Scoot! Rides the Piaggio Typhoon 125
The Typhoon’s keen Military color scheme. An urban assault vehicle?
For some, the 125 cc engine may seem an odd animal: not as slow as the 50cc but not as torquey as the 150. In places like the U.K. one can ride a scooter up to 125 cc with just a car license and by passing a test. Scooters over 125 cc have different (more expensive) license and testing requirements.
In the U.S. where there is no licensing differentiation between 125 and 150 bikes, their appeal is usually in their affordability—a little more power (than a 50) for a little more money.
The Typhoon’s tires are wider than most scoots in its class.
The Typhoon is Piaggio’s contribution to this mid-range market. The Typhoon is sporty with a sharp stance and styling, and has wider tires than its competition (4 inches versus 3.5). At first glance one might mistaken it for a generic Asian scooter.
A closer look reveals something a bit more aggressive. The pointed front legshield almost eliminates the need for a front fender. The legshield-mounted dual headlights have a unique shape, but operate separately (high beam versus low) which is a peeve of ours. We want symmetry! The rear of the bike is over shadowed by a large wheel fender that looks a bit ridiculous with a U.S. license plate on it.
It’s the only thing that detracts from the sporty, streamlined streamed rear of the bike. Flat floorboards (a Scoot! fave) allow for versatility and openness that feels comfortable, not cramped. The controls are standard and the display is simple: fuel, speedometer and light indicators.
The seating position on the Typhoon is comfortable. One feature that I really enjoy is the flat-ish seat that allows the rider to move around on the seat a bit, depending upon his riding style. The floorboards aren’t as wide as other scooters, and I found my feet were often slightly resting on the passenger footrests.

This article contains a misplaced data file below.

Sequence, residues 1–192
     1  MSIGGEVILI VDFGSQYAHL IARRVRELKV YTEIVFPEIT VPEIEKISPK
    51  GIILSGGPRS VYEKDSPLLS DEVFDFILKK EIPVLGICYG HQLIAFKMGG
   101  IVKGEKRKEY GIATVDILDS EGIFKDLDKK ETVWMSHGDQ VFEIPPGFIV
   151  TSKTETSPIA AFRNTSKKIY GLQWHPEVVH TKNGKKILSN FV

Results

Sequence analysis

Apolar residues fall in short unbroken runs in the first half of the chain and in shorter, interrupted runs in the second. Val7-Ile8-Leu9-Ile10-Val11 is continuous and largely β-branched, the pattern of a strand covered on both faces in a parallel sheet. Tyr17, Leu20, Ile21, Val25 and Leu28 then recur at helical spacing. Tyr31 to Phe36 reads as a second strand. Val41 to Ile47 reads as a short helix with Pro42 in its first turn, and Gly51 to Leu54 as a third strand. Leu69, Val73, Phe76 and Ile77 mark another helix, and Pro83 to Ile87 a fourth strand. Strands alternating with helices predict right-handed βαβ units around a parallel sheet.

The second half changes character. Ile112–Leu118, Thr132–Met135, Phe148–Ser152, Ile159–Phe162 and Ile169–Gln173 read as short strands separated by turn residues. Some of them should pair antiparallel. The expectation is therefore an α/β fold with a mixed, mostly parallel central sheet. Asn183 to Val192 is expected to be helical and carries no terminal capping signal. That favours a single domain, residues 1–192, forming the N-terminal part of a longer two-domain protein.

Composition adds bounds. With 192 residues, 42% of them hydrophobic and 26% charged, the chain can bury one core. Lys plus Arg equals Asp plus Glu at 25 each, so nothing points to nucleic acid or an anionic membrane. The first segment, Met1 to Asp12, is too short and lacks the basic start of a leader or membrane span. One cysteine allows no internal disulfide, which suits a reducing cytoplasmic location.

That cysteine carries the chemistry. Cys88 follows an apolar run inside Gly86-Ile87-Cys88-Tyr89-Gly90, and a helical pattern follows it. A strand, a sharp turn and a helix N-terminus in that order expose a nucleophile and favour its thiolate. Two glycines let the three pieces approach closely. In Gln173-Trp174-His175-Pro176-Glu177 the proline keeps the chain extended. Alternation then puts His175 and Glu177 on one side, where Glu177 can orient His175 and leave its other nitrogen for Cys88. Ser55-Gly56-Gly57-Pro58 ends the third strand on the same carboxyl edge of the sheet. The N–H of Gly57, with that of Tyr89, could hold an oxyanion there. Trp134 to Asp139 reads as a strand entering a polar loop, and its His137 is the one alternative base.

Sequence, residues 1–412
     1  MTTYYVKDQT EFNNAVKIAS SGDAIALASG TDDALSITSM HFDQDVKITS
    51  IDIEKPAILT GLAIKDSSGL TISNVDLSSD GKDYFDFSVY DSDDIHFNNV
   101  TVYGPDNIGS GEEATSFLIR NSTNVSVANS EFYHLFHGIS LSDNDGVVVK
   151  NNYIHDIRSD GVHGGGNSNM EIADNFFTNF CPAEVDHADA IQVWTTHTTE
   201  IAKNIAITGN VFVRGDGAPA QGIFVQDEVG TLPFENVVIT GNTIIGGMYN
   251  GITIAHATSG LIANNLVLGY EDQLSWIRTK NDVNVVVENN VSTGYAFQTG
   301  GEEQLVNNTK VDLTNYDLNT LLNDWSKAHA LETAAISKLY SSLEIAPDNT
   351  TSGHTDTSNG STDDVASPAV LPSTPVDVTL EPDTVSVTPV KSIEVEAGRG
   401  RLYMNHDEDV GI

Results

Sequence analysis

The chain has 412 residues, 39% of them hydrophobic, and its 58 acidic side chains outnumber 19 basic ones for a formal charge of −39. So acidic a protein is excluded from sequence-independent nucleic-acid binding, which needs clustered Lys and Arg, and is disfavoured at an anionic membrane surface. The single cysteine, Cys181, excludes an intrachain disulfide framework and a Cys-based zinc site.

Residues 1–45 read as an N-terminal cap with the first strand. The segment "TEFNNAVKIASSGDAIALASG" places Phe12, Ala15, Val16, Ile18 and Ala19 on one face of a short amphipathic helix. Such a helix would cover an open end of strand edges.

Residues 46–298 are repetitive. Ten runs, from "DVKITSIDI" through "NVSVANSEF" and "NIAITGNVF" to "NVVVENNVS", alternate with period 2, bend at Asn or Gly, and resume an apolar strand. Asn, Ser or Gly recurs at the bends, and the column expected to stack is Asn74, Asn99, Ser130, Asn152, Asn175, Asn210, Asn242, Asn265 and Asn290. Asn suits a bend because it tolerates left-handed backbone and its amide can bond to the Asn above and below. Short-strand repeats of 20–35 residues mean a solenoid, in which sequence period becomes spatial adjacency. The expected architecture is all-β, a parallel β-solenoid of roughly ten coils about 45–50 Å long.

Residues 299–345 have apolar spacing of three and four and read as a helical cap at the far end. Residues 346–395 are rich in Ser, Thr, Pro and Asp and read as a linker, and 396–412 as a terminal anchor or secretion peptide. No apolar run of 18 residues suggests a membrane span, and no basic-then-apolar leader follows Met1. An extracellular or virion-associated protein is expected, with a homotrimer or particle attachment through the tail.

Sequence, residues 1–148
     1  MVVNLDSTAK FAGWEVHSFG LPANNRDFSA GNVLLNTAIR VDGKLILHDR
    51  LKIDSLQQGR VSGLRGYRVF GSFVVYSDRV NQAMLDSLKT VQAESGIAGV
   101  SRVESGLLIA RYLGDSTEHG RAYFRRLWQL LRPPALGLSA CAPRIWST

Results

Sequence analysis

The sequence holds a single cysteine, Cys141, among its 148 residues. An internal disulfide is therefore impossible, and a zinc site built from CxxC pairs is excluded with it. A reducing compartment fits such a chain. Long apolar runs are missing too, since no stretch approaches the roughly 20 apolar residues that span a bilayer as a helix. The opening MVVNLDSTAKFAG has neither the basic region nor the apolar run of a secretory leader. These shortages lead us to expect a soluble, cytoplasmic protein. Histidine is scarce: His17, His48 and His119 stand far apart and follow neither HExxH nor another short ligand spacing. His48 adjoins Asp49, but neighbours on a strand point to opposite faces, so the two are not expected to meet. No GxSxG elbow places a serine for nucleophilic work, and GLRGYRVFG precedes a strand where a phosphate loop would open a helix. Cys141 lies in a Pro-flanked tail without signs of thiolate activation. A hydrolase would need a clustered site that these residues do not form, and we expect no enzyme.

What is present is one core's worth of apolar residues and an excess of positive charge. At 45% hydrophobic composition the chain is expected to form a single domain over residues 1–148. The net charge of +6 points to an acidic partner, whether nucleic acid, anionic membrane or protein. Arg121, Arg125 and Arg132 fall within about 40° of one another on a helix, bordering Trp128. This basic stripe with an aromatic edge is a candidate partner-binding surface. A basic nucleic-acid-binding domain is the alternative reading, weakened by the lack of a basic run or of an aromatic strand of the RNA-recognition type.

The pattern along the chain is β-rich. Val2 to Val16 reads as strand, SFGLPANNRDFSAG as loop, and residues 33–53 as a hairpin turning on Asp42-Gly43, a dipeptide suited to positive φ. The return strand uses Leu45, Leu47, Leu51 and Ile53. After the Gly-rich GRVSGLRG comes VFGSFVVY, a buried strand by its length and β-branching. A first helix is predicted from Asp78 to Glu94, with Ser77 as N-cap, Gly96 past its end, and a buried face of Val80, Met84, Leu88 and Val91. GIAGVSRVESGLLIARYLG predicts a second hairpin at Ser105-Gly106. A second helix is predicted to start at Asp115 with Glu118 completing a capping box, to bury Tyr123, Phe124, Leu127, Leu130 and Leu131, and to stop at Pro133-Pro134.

I was curious about how the wider tires would affect the ride of what the rest of the specs would indicate is a quick nimble little scooter. The wider tires made deep turns a little more challenging as the tires have a distinct edge or drop-off (not as curved). Once I got used to that tipping point, the bike handled well. The brakes are solid with short, stable stopping distances.
Off the line, the bike accelerated smoothly. Toward the end of the power band there is only a little bit more before the bike is at max speed. Although Piaggio suggests that the bike is well-suited for country roads the suspension is not really set up for that.
The wide knobby tires might make you think that’s a good idea but, like the Honda Ruckus, you’ll end up with a sore butt if you attempt any off-roading.
The rear fender does no favors for the otherwise smart, sporty design.
While the flat floorboards and sizable underseat storage provide respectable storage space, I recommend a top case. With almost three times the fuel economy of a standard economy car it’s a great way to save on fuel this summer even with its scant 1.8-gallon gas tank, which is typical for this size of scooter.
In the end The Typhoon is a solid, spirited bike that has enough utility and speed to be fun. College students, and urban road warriors will love
Piaggio suggest that the Typhoon is at a price its competitors can’t beat. The Genuine Buddy 125 is $100 less, SYM Fiddle is $400 less, and the KYMCO Agility 125 is almost $1,000 less. Moreover you can get a KYMCO Super 8 150cc for $2,399.
That being said, one shouldn’t choose a scooter solely based on price.
Room for a passenger
No lockable helmet hook
No accessories from Piaggio
Price against competition
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